According to the World Health Organisation, at least 61 per cent of all human pathogens are zoonotic – meaning that they can be transmitted from animals to humans. They also represent 75 per cent of all emerging pathogens during the past decade. Globalisation, in particular cross-border travel and trade, has increased the risk of zoonotic disease transmission. City University of Hong Kong’s adoption and promotion of a “One Health” approach to the design and implementation of measures to safeguard public health has, therefore, become more important than ever.
In response to this global challenge, CityU has highlighted One Health as one of its overarching strategic themes. Its aim is to develop and integrate interdisciplinary, problem-based research collaboration in all aspects of health-related issues.
First internationally recognised veterinary school in the region
With the establishment of the Jockey Club College of Veterinary Medicine and Life Sciences, CityU aims to pioneer excellence in veterinary research and education locally, regionally and globally, spotlighting public health, food safety, animal welfare and aquatic animal health for the well-being of society.
Recent research related to zoonotic diseases and public health includes the development of a dynamic model for estimating optimal vaccination coverage for eliminating peste des petits ruminants (PPR), also known as goat plague; the role of free-grazing ducks in the spread of avian influenza in Vietnam; and the risk factors of tuberculosis-related mortality in wild meerkats.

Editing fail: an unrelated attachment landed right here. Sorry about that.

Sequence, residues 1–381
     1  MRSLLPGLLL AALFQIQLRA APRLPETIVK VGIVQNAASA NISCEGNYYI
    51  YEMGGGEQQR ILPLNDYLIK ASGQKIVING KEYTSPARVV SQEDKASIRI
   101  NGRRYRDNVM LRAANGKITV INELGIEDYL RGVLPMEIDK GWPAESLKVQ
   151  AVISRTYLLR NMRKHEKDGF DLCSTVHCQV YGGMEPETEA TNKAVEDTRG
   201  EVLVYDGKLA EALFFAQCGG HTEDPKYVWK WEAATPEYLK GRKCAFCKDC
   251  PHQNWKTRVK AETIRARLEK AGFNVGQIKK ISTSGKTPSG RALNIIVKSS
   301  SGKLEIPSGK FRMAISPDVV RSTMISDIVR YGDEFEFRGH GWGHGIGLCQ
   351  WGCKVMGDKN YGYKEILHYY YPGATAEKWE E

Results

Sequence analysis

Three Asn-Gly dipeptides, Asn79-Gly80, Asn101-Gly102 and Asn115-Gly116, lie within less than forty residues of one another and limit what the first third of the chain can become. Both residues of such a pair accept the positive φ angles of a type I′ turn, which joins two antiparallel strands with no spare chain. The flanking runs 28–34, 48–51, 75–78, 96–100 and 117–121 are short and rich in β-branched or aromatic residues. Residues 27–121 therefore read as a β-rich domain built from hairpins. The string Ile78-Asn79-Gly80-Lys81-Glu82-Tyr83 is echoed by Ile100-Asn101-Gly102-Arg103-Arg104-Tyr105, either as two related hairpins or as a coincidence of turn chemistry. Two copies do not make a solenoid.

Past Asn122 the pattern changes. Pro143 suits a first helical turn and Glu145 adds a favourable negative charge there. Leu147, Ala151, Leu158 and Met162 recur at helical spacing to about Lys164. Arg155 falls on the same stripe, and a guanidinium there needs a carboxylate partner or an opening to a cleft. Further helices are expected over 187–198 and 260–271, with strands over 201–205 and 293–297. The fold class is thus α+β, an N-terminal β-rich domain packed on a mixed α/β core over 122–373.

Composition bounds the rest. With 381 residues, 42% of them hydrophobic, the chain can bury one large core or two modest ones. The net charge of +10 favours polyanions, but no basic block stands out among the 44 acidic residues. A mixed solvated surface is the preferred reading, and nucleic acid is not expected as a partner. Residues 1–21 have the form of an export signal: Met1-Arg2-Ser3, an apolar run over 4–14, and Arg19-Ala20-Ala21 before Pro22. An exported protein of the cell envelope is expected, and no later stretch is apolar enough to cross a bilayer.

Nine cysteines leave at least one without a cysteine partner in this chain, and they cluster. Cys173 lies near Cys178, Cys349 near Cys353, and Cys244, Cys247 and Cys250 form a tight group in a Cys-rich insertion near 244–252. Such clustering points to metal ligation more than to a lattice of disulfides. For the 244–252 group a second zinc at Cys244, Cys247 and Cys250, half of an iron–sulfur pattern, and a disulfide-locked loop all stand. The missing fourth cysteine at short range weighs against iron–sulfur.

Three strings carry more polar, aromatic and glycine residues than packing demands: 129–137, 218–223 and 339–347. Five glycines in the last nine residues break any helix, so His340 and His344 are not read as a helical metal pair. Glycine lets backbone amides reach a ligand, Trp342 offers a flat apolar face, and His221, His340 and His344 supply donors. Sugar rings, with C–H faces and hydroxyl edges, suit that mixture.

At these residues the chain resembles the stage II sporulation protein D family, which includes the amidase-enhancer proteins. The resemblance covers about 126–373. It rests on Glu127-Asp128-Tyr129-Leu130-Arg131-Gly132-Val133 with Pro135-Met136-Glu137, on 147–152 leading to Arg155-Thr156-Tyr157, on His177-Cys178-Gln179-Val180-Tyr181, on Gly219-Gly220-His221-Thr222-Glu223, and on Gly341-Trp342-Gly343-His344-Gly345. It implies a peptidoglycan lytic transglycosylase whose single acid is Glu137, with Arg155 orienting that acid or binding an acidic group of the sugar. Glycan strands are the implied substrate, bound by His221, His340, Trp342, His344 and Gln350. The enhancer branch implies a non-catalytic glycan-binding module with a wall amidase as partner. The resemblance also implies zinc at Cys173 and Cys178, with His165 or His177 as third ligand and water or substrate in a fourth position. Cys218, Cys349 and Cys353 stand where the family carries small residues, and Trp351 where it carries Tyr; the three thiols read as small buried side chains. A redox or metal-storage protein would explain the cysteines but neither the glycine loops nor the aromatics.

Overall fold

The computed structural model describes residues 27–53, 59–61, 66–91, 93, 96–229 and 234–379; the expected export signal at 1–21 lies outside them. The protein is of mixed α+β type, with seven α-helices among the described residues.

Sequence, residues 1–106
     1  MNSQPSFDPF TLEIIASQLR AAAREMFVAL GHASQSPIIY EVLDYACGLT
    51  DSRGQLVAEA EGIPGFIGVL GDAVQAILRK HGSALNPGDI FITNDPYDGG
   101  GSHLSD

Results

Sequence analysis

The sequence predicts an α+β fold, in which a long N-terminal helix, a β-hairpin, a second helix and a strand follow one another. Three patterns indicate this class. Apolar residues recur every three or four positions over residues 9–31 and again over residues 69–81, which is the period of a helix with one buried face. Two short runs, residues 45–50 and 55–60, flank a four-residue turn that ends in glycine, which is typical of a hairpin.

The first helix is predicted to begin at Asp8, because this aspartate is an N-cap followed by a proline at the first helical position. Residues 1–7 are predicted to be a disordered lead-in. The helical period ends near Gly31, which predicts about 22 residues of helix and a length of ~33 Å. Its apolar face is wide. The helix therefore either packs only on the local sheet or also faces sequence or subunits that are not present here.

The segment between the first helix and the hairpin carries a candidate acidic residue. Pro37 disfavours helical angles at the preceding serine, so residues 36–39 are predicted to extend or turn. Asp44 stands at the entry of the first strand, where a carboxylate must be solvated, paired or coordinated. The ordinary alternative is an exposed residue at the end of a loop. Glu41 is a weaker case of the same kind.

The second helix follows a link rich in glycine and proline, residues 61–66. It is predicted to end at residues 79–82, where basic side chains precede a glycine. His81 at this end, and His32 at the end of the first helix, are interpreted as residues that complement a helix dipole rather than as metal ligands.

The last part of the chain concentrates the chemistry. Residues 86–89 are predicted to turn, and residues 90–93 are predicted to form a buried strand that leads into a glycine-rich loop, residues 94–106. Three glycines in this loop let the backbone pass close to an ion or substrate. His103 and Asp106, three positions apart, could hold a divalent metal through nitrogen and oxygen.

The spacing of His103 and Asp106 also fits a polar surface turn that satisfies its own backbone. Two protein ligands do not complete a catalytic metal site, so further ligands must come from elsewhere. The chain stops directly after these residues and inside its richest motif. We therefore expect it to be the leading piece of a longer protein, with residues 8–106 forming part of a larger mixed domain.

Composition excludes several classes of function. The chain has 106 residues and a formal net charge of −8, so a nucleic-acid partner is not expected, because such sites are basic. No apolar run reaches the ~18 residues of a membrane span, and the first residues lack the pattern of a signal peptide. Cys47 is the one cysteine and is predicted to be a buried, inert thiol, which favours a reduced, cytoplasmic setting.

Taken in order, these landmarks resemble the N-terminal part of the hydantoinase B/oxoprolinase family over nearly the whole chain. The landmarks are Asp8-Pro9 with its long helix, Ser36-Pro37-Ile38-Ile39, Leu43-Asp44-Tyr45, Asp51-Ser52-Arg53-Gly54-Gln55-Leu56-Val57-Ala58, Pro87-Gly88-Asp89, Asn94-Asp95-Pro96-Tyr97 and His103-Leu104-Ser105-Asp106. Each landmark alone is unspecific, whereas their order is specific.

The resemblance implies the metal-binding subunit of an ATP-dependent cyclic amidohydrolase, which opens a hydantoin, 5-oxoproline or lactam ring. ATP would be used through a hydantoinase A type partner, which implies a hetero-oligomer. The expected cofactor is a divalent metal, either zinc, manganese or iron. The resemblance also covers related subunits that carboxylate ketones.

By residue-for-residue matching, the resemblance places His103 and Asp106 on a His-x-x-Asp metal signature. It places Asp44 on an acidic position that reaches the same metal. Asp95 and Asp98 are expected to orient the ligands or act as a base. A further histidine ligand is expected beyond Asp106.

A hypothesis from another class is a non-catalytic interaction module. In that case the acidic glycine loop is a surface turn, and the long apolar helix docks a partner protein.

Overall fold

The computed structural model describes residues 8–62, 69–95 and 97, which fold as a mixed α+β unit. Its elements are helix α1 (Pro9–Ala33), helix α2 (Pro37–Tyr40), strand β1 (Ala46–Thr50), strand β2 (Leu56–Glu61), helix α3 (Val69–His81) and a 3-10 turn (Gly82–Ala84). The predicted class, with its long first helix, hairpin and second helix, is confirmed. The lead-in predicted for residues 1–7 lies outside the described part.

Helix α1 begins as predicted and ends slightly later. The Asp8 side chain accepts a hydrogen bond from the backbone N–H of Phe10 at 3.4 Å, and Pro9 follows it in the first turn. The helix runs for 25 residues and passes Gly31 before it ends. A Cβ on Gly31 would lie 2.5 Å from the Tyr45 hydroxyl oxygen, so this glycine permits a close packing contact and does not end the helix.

Breakthroughs in biomedical sciences and engineering research
On the biomedical sciences and engineering side, CityU researchers have achieved a number of research breakthroughs. Professor Li Ying, of the department of biomedical sciences, has discovered an important substance released by astrocytes – star-shaped glial cells in the central nervous system, which can improve decision-making performance. The discovery was published in the journal Cell Reports.
Collaborative research by teams, led by Dr Li Minh and Dr Shi Jiahai, both assistant professors in the department of biomedical sciences, led to the creation of a new, efficient strategy for producing drug carriers for treating cancers. This promising mechanism enables the production of highly pure extracellular vesicles from red blood cells in large quantities and at one-hundredth of the usual cost. The findings were published in the journal Nature Communications.
A research team led by Professor Sun Dong, head of the department of biomedical engineering, developed the world’s first magnetic 3D-printed microscopic robot, which can carry cells to precise locations in live animals. The invention could revolutionise cell-based therapy and regenerative medicine, and provide more precise treatment for diseases such as cancer. It was published in the latest issue of the journal Science Robotics.